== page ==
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Club helps girls dream big

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Margaret Giloth remembers being painfully shy as a child.

She believes having eclectic hobbies helped find her identity: arranging flowers, collecting hats and modelling in fashion shows.

“I couldn't figure out who I was by following the crowd,” said the 62-year-old. “The common thread through everything I did was that I loved helping people.”

Roughly ten years ago she started a programme to help young people get that same experience. The Dream Girls Club is open to girls ages 9-17; Ms Giloth believes it's hard to achieve something if you don't have any ambition.

“So many young people have told me they have no interest. It's astounding,” she said. “Dream stands for Dancing, Reading, Expression, Art and Modelling. Those are some of the things girls love to do.”

The club's 80 members are split in three groups according to age. Their time together is spent doing community service and learning about everything from health and fitness to map reading.

They put on a tea for senior citizens this month and are in the middle of making a film highlighting what it's like to grow up without a father.

Seventeen-year-old Maegan Costa was one of the first seven members.

“Back then I felt like a little person in a big world,” she said. “I was bullied in primary school and the teachers didn't seem to help. My self-esteem was very low. When my mom told me about Dream Girls, I said, ‘Sign me up'.”

From the start she was inspired by Ms Giloth's energy and positivity.

“She gave us all these ideas for things we could do,” said Maegan. “It felt like the bar was being raised. I was given achievements I could try for and people I could look up to.

“If I wanted to be politician I could be a politician. If I wanted to be a lawyer, I could be one. It doesn't matter where you come from, it matters who you aspire to be.”

The group often takes her out of her comfort zone.

“At Easter we held a bake sale,” she said. “Normally I wouldn't be caught dead in a bunny suit, but I put one on for the Dream Girls Club.”

She's competing with Britney Bannister and Loria Packwood for the group's first academic scholarship.

“It's $5,000,” she said. “I'm in my last year at the Berkeley Institute. I'm studying hard and doing my best. My self-esteem is a lot better today. I want to become a teacher in elementary and middle school.”

Sarai Packwood, 10, has wanted to be a part of the club since her sister Loria joined.

“I was five and I begged to join,” said the Northlands Primary School student. “I had to wait until I was nine.

“I go because it is fun and is something I can do without worrying that someone will say something bad.”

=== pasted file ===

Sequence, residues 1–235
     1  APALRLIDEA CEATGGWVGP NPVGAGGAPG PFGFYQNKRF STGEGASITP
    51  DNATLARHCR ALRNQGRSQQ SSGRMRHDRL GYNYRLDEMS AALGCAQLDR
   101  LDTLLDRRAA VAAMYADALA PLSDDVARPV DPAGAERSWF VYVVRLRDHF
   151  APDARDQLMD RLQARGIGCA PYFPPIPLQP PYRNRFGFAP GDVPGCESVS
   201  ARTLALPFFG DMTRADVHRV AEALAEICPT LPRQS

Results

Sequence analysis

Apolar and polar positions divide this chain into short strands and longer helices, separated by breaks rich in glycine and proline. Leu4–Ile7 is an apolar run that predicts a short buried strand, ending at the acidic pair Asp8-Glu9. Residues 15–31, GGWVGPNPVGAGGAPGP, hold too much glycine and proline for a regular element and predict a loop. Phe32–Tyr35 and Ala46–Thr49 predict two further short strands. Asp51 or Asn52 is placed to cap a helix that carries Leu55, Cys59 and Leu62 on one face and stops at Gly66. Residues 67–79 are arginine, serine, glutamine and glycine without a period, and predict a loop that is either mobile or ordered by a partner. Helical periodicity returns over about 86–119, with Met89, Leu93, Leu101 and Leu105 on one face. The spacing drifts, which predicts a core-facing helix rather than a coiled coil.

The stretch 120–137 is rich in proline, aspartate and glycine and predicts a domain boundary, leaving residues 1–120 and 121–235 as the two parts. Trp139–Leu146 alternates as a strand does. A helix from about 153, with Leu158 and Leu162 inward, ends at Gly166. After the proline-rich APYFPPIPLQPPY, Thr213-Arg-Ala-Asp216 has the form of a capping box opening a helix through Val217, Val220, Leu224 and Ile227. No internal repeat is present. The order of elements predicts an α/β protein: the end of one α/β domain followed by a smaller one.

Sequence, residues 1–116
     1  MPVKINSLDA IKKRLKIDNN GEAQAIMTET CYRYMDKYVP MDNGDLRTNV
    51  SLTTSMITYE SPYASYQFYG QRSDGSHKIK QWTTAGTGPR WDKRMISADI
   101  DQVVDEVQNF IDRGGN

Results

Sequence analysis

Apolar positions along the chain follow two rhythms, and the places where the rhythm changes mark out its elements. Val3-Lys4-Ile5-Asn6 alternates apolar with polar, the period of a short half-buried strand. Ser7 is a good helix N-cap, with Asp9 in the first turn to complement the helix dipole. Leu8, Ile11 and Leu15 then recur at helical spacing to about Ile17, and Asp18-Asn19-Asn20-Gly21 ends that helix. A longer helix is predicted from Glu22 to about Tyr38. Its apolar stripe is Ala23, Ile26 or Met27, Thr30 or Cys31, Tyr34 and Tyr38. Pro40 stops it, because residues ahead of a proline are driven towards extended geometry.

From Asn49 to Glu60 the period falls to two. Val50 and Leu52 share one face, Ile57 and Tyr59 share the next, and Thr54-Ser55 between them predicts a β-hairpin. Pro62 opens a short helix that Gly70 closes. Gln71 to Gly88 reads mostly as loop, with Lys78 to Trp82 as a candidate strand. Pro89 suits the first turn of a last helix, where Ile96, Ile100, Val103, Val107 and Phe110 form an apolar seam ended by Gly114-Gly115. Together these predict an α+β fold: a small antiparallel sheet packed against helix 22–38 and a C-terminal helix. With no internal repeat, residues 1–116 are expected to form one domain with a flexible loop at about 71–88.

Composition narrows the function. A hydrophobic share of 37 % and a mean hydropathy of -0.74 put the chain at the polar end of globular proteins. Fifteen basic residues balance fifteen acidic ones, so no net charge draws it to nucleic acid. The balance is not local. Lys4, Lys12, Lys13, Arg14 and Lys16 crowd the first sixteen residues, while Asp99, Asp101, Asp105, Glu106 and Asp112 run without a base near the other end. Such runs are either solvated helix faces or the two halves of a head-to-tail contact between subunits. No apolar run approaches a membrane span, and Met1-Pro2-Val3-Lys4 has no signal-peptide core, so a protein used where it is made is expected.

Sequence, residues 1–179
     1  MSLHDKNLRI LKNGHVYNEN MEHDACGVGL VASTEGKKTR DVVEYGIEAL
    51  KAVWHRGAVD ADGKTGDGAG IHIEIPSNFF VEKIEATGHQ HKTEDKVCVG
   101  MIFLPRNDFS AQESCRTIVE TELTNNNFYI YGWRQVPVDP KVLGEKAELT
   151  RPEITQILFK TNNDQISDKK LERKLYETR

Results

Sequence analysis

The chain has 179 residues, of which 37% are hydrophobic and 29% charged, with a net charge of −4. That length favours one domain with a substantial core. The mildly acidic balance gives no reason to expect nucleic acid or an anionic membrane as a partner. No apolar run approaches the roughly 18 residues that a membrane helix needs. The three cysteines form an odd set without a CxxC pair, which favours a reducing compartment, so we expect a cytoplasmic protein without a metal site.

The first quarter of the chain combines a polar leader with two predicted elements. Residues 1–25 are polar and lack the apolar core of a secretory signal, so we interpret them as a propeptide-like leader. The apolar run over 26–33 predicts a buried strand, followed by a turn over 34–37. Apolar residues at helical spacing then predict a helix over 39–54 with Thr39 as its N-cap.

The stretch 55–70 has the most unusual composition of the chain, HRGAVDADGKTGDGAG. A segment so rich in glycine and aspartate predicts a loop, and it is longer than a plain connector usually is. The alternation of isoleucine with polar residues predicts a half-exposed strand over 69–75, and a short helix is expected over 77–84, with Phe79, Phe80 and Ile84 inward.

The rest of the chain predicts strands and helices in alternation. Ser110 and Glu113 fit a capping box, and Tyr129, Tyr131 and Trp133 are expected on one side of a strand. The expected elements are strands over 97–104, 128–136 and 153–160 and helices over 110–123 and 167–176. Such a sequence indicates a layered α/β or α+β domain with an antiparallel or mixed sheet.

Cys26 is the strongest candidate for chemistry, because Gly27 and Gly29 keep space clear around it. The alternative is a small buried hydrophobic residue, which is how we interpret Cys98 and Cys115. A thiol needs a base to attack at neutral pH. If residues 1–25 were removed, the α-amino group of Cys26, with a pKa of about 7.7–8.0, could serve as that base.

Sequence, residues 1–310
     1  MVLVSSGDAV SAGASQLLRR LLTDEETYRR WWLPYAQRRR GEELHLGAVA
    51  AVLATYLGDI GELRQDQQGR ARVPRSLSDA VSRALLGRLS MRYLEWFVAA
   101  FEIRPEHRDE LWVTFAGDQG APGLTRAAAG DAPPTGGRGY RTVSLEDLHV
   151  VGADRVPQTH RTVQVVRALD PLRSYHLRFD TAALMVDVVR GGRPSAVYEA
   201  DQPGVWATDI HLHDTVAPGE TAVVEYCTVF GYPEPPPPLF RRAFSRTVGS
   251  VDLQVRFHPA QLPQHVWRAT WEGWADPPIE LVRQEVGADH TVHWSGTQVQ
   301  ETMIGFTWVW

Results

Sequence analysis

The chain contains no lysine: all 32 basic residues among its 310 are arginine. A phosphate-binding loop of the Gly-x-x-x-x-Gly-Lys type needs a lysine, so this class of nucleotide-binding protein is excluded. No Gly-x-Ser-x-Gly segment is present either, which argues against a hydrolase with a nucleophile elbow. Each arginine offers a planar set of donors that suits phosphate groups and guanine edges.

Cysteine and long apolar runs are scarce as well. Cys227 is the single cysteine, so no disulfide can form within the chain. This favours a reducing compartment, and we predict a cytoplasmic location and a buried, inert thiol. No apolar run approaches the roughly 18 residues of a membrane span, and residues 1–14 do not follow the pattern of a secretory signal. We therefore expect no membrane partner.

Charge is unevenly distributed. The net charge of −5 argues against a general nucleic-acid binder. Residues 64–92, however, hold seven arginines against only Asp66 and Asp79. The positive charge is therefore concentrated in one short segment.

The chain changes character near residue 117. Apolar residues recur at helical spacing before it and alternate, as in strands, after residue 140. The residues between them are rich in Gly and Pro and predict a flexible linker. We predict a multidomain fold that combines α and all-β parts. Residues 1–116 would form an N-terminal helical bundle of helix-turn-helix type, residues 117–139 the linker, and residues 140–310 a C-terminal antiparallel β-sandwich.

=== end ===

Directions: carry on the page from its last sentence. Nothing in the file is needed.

Her dream is to become an entrepreneur or fashion designer. At Easter she baked 100 cupcakes for a club fundraiser.

“I was up all night,” she said. “I'd made cupcakes before but never that many. I was really proud of myself afterward, and tired.”

Alaynna Hinds, 15, said she loves the sisterhood of the group.

“I started a few years ago,” she said. “I felt a bit nervous walking through the door for the first time.

“I walked in and sat next to a few people and by the end of the session I had a bunch of new friends. Now some of the younger girls look up to me as a big sister.”

Ms Giloth's aim is to get the girls to “dream, dream, dream and dream big”.

“But I tell them, don't just keep your dreams in your head, get out and make them a reality.”

She runs the group with Meishka Zuill and Verna Jones.

The Dream Girls Club is free to join and meets at the Bermuda Youth Library on Saturdays. For more information: 734-4034 or

Boosting self-esteem: Dream Girls, from left, Alaynna Hinds, facilitator Margaret Giloth, Sarai Packwood, Maegan Costa and facilitator Verna Jones (Photograph by Akil Simmons)
Dream Girls Club (Photograph supplied)
Dream Girls doing a fitness workshop (Photograph supplied)
Dream Girls doing a map reading workshop (Photograph supplied)
Dream Girls in a manicure and mini facials workshop (Photograph supplied)
Confident move: Maegan Costa dressed as a rabbit at a Dream Girls bake sale at Easter
<p>Programme needs male input</p>

Some things just need a man’s input.

Margaret Giloth is looking for someone to help her teach “young men how to become the best dad they can be”.

It’s something she’s dreamt about for eight years.

“I invested in materials from an American programme developed by the National Fatherhood Initiative but I couldn’t find a man to commit to facilitating the workshop,” she said. “I’ve had two or three close decisions but not one to stick.

“I’ve come close to facilitating it myself — the NFI sanctions women to do so if necessary — but I strongly believe that a man or team of guys should do it.

“So if there’s a man reading this who wishes to make a meaningful contribution to this community then let’s get this programme started.”

Contact her on 734-4034 or

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Published May 11, 2017 at 9:00 am (Updated May 11, 2017 at 8:56 am)

Club helps girls dream big

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